If you are ever in a TV or radio studio, always assume the cameras and microphones are live. Even when you are in rehearsals / conversation / commercials / before and after the interview, act as though you are ‘on the record’. Don’t say anything you wouldn’t be happy for your mother or your boss to hear! Many politicians have been caught making ill-advised comments about colleagues while chatting ‘afterwards’ to the interviewer. Former Prime Minister John Major was once memorably captured on tape referring to some of his colleagues as ‘b*st*rds’, while many will remember Gordon Brown being caught during the 2010 election campaign, referring to a member of the public who he’d just spoken to as ‘bigoted’, while unaware he was still connected to a live radio mic. More recent victims include Chelsea manager Jose Mourinho overheard being rude about some of his team. They all had a lot of explaining to do afterwards!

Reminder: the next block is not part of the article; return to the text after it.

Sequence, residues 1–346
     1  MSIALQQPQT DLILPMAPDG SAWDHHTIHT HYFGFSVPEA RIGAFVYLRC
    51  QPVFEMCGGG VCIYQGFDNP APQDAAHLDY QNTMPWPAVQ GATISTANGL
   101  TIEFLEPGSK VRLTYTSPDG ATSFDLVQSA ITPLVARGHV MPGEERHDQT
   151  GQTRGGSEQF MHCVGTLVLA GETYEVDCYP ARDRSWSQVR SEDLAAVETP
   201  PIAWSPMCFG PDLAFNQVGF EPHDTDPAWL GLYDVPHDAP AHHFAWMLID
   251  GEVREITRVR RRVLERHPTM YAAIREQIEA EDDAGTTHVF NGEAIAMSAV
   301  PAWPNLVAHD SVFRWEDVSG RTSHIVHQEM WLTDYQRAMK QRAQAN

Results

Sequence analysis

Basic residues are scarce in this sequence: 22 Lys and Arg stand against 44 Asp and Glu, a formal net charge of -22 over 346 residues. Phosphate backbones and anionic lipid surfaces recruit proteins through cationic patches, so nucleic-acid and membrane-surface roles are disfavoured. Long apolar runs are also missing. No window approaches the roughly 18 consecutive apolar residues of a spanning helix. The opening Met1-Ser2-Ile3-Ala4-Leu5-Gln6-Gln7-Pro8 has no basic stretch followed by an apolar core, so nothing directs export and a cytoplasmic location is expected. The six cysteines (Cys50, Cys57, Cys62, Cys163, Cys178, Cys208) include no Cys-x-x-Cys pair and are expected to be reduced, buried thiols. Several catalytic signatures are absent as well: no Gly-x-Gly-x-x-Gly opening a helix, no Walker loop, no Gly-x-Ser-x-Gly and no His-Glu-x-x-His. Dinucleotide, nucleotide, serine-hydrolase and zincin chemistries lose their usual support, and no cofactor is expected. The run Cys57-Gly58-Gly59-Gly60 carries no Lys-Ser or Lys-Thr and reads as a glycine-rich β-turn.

MTA Podcast Production
Tom on X
Blog revisited: When does a pause for thought in a media interview become a damaging hesitation? https://www.mediatrainingassociates.co.uk/pause-for-thought/
We can now offer on-camera and autocue skills coaching for spokespeople who have to present online video material or webinars.